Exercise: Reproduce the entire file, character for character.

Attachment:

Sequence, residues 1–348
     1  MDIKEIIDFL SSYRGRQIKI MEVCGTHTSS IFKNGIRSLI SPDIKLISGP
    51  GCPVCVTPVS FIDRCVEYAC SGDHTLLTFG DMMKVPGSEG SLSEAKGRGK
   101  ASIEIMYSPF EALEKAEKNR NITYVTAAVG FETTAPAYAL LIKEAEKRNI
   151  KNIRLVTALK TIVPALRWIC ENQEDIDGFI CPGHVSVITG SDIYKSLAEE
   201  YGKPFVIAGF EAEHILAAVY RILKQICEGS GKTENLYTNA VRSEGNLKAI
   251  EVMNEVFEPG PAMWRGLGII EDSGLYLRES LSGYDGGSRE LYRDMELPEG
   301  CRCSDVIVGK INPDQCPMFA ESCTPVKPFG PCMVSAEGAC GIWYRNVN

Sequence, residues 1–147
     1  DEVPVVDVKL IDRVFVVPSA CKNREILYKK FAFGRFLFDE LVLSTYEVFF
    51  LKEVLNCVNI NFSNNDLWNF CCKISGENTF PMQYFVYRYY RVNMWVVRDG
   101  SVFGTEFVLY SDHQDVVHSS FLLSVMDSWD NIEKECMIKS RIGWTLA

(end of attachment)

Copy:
Sequence, residues 1–348
     1  MDIKEIIDFL SSYRGRQIKI MEVCGTHTSS IFKNGIRSLI SPDIKLISGP
    51  GCPVCVTPVS FIDRCVEYAC SGDHTLLTFG DMMKVPGSEG SLSEAKGRGK
   101  ASIEIMYSPF EALEKAEKNR NITYVTAAVG FETTAPAYAL LIKEAEKRNI
   151  KNIRLVTALK TIVPALRWIC ENQEDIDGFI CPGHVSVITG SDIYKSLAEE
   201  YGKPFVIAGF EAEHILAAVY RILKQICEGS GKTENLYTNA VRSEGNLKAI
   251  EVMNEVFEPG PAMWRGLGII EDSGLYLRES LSGYDGGSRE LYRDMELPEG
   301  CRCSDVIVGK INPDQCPMFA ESCTPVKPFG PCMVSAEGAC GIWYRNVN

Sequence, residues 1–147
     1  DEVPVVDVKL IDRVFVVPSA CKNREILYKK FAFGRFLFDE LVLSTYEVFF
    51  LKEVLNCVNI NFSNNDLWNF CCKISGENTF PMQYFVYRYY RVNMWVVRDG
   101  SVFGTEFVLY SDHQDVVHSS FLLSVMDSWD NIEKECMIKS RIGWTLA